Introduction to Community Food System Indicators

Authors: Lauren Gwin, Center for Small Farms & Community Food Systems; Mallory Rahe, Extension Community Economist; and Shannon Caplan, Rural Communities Explorer

Publish Date: Fall 2017

The Community Food System Indicators curated collection is now available in Oregon State University Extension’s Rural Communities Explorer. The CFS Indicators span the food system, from production to consumption, and data are available at the state and county level. The CFS Indicators are a partnership between the Oregon Community Food Systems Network, the Oregon State University Center for Small Farms & Community Food Systems, and Rural Communities Explorer.

Why Community Food System Indicators?

Around the U.S. and in Oregon, people and organizations traditionally involved with separate elements of the food system are coming together to tackle challenges related to health, environment, and economy, as part of the “community food systems” movement.

Bringing people and organizations together to evaluate and change aspects of the food system requires developing a common understanding of issues and shared goals. The CFS Indicators, originally developed for the Oregon Community Food Systems Network and the Meyer Memorial Trust by Matthew Buck (now OCFSN Coordinator), provide an integrated dataset that supports these efforts.

What is a community food system?

The idea of a “community food system” starts with the core functions of a food system – growing, harvesting, processing, packaging, transporting, marketing, consuming, and disposal – and views them with the goal of enhancing environmental, economic, and social health.

Sustainable community food systems are grown through community-led collaboration and include:

• Small- and mid-scale, sustainable farms;

• Closer ties between farmers and consumers;

• Equitable access to an affordable, nutritious diet;

• Food & agriculture businesses that create jobs & recirculate capital;

• Fair working conditions for farm & food system labor;

• Food and agriculture policy that supports all the above.

Here in Oregon, these collaborations are active at the local, regional, and state level. The Oregon Community Food Systems Network, established in 2015, is a collaboration of more than 40 nonprofit organizations and allies – including OSU Extension – dedicated to strengthening local and regional food systems to deliver better economic, social, health, and environmental outcomes across the state. Learn more about OCFSN here:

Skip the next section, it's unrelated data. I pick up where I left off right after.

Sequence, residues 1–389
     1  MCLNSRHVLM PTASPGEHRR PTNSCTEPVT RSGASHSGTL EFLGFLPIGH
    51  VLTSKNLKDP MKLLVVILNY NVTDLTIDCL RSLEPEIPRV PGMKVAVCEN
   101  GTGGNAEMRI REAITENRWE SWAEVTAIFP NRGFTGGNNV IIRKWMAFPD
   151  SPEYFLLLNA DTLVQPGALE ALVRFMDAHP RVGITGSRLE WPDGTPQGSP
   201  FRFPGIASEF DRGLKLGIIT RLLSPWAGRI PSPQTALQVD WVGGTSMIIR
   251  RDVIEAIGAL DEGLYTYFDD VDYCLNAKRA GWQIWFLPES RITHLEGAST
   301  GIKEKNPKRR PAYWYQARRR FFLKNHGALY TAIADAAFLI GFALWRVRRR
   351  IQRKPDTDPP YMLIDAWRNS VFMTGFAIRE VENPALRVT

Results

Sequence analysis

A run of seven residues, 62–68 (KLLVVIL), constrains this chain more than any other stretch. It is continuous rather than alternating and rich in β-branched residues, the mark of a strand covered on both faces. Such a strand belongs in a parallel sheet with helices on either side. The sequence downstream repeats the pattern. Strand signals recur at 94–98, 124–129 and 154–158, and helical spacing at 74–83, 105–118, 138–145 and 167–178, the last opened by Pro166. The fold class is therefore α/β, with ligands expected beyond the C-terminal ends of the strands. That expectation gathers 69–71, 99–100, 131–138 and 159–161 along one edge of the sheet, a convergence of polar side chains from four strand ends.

What’s in the Community Food Systems Indicator collection?

The 53 indicators in this collection span the food system and fall into these main categories:

• Food Access and Food Insecurity

• Farm Base

• Market Linkages

See the next page for a table of Indicators related to Community Capacity, which together assess if and how counties are addressing community food systems challenges and opportunities, are being tracked separately, outside RCE.

All Indicators will be updated by RCE as new data are available. A report on the full dataset will be prepared on an annual basis by the OSU Center for Small Farms & Community Food Systems, in partnership with the Oregon Community Food Systems Network.

Ready to explore the Community Food Systems Indicators?

Start here: and select “Community Food Systems” under “Featured Collections.”

This short video explains how to use this Collection:

Questions about the CFS Indicators?

Start here:

Or contact Shannon Caplan, Rural Communities Explorer Program Coordinator: or 541 737 2105.

For more information

• Oregon Community Food Systems

• OSU Center for Small Farms & Community Food Systems

The Community Food Systems Indicators curated collection was made possible with financial support from The Ford Family Foundation.

The CFS Indicators project was originally funded by the Meyer Memorial Trust